Misunderstandings can be prevalent for kids with ADHD. With neurotypical peers and authority figures, these misunderstandings can be extremely challenging. Excessive talking, interrupting, forgetfulness, and other symptoms can affect social interactions. However, friendships are very important for kids with ADHD, and those who face challenges in this area can overcome them. Similarly, some kids will get in trouble frequently. This can be very stressful for parents, but again, getting to a better place with the right support is possible.

    How to Support a Child with ADHD

    Getting an accurate diagnosis is the first step for many parents, but what do you do after that? With it in mind that every child is unique, parents can create a supportive home, get kids access to professional care and resources, and use other tools, like Joon, to help their child thrive.

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    To get started, Parents download the Joon Parent App and make a customized task list for their children. You can add as many tasks as you want, such as homework, household chores, elements of a child's morning or nighttime routine, like brushing their teeth or eating meals, and so much more. Kids use a separate app called Joon Pet Game. Upon finishing assigned tasks, children get rewards in Joon Pet Game that allow them to care for a virtual pet called a Doter. Joon acts as a reward system while promoting self-esteem, independence, and habits kids can benefit from for life.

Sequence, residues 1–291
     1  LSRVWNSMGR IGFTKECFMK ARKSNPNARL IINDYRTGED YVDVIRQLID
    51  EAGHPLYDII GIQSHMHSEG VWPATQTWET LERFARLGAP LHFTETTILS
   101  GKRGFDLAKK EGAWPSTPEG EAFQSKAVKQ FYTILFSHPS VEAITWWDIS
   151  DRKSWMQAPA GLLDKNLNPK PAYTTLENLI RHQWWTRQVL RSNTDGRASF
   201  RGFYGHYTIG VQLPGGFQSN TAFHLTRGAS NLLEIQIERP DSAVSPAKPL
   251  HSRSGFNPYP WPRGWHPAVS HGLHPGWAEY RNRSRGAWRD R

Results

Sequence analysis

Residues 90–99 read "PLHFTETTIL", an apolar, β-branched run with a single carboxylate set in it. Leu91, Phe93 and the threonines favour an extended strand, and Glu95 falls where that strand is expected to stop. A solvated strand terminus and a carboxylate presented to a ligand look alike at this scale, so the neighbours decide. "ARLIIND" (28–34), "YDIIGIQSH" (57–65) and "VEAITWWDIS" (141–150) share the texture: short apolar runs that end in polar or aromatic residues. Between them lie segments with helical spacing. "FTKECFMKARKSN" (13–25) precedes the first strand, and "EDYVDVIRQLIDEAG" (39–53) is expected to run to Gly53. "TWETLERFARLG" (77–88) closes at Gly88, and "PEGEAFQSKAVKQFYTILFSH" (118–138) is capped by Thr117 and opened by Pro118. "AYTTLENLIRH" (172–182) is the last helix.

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    Create a supportive home environment

    It's essential that parents show understanding and work with their children as a team. Use the following tips to create a supportive home environment for your child with ADHD.

    • Teach kids coping skills for emotions. Remember that even very young kids can have big feelings, and ADHD makes emotion regulation more challenging. Discuss ways to express emotions and cope healthily.